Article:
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Friday, 8 February, 2002, 15:11 GMT
Iran rejects UK ambassador
British Foreign Secretary Jack Straw visiting Tehran
The row threatens improving ties between the countries
Relations between Iran and the UK have taken a turn for the worse with a diplomatic row between London and Teheran over the choice of a new British ambassador.

The Iranian Government has rejected the appointment of David Reddaway, who has served in Iran twice before.

Conservative newspapers in Teheran have suggested he is a Jewish Zionist and a spy.

Mr Reddaway, who speaks Farsi and is married to an Iranian, is not Jewish and the Foreign Office says he is not an intelligence officer.

The Foreign Office confirmed on Friday it would not be putting anyone else forward for the post.

The issue is now threatening to sour relations between the two countries which had been improving steadily since 1998.

It's our right to accept an ambassador or not

Hamid-Reza Assefi, Iranian foreign minister

At that time, the Iranian Government agreed it would not actively pursue a fatwa issued against British author Salman Rushdie after the publication of his book the Satanic Verses.

Britain will now be represented in Iran by its charge d'affaires and London will deny Iran's ambassador to Britain access to officials beyond that normally given to a charge d'affaires.

Iran's Foreign Ministry spokesman Hamid-Reza Assefi described the UK Foreign Office reaction as "surprising".

Change of heart

Mr Assefi added: "It's a country's right to accept or not an ambassador of another country."

Dr Sadegh Ziebo-Kalam, professor of Iranian politics at Tehran University, told BBC Radio 4's Today programme he believed the action was due to the people's perception that Britain was "downgrading" the status of Iran.

He added: "The people of Iran want to say to London that there is a price Britain has to pay if it wants to have closer ties with Washington."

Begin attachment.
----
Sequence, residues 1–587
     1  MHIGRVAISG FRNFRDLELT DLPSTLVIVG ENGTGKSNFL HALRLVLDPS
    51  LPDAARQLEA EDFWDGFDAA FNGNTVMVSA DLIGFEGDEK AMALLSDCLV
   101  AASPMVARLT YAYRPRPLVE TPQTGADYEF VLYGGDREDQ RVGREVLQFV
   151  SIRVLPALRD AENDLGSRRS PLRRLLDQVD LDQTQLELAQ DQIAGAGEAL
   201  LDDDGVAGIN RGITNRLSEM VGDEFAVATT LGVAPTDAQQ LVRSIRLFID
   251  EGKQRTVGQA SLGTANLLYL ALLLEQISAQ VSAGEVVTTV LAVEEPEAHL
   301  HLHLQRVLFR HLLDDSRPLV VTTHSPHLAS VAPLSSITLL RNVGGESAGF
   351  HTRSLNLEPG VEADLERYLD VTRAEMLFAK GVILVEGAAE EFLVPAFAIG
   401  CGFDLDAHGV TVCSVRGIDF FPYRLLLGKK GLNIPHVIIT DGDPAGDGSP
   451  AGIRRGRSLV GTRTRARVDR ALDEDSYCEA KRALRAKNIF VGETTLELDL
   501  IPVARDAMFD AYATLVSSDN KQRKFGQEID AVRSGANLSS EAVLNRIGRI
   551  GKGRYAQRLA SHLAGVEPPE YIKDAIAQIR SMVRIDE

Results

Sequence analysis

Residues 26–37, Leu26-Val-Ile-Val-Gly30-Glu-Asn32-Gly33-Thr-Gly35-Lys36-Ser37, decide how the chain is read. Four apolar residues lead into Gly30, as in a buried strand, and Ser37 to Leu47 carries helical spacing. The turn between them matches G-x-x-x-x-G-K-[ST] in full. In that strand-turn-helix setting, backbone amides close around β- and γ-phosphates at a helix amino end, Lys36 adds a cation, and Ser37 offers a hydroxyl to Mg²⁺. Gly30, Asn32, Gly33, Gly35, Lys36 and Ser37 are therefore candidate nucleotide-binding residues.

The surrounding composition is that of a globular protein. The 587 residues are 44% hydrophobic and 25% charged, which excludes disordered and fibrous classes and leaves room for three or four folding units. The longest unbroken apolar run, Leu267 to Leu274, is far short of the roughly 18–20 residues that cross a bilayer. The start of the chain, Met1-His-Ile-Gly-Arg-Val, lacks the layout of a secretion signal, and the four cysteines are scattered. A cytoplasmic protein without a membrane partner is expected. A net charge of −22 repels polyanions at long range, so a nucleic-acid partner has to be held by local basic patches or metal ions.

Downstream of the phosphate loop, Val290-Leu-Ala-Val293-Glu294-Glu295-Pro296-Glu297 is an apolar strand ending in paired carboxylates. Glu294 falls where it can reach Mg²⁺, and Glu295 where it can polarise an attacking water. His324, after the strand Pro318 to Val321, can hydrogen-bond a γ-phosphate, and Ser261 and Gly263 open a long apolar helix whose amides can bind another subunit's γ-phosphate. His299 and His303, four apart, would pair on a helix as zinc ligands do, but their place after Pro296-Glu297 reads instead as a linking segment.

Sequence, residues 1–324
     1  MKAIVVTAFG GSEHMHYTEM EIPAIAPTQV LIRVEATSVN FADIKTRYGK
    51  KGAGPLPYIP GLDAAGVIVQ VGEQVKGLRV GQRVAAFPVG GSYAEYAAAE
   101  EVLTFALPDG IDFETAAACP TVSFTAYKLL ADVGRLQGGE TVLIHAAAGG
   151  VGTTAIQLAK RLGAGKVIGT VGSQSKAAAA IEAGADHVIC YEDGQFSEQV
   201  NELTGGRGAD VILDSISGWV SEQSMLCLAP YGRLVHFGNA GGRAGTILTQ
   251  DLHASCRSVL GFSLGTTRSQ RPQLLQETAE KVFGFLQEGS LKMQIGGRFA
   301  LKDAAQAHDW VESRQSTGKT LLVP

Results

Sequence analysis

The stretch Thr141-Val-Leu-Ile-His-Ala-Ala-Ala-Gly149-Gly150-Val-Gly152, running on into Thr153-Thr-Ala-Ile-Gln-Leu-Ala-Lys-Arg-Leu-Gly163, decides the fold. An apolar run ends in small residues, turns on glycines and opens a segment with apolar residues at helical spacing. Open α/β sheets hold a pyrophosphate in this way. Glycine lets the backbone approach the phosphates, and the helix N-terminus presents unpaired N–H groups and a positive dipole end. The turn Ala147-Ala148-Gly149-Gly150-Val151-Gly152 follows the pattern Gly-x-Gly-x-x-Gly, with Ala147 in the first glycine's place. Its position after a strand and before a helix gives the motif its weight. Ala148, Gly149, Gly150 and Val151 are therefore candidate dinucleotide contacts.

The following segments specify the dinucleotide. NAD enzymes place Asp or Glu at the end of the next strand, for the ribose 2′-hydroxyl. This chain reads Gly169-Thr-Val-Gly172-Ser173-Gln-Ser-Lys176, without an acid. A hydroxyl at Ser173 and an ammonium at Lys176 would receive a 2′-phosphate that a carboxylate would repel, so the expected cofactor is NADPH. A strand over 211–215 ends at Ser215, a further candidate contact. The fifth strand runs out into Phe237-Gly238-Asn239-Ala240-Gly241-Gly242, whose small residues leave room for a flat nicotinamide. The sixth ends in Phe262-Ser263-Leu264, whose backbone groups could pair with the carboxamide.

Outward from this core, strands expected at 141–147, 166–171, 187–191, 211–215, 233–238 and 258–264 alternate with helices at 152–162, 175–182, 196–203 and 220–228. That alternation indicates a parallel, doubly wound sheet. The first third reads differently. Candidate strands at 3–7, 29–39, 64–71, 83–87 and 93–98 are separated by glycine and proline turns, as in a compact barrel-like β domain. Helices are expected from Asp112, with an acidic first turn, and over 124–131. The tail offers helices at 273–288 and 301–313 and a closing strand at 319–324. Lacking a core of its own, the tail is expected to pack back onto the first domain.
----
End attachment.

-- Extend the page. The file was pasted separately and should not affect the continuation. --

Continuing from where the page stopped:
British Prime Minister Tony Blair discussed the issue in a telephone conversation with Iran's modernising President Khatami last month but was unable to bring about a change of heart.

Britain resumed full diplomatic relations at ambassadorial level only in 1999 after a long break following the overthrow of the shah in the 1979 Islamic revolution.

After the 11 September 2001 attacks on the US, Britain's improving relations with Iran improved further, after it was recognised that moderates in Iran also condemned the attacks.

But experts believe the rejection of Mr Reddaway will be seen as another victory for hardliners in Iran who are determined to destroy the work of reformers in developing closer ties with London.

The BBC's James Robbins
"Britain still believes Iran could be brought much closer to the West"
Dr Ray Takeyh, Iran Analyst
"Iranian diplomacy is hardening in the aftermath of the President's speech"
See also:

08 Feb 02 | Middle East
Rejection threatens UK-Iran detente
29 Sep 01 | From Our Own Correspondent
Iran's love-hate ties with the UK
08 Feb 02 | Middle East
Iran blocks new UK ambassador
25 Sep 01 | Middle East
UK fosters Iran relations
25 Sep 01 | Middle East
Iran to be shown terror evidence
27 Dec 01 | Country profiles
Country profile: Iran
27 Dec 01 | Middle East
Timeline: Iran
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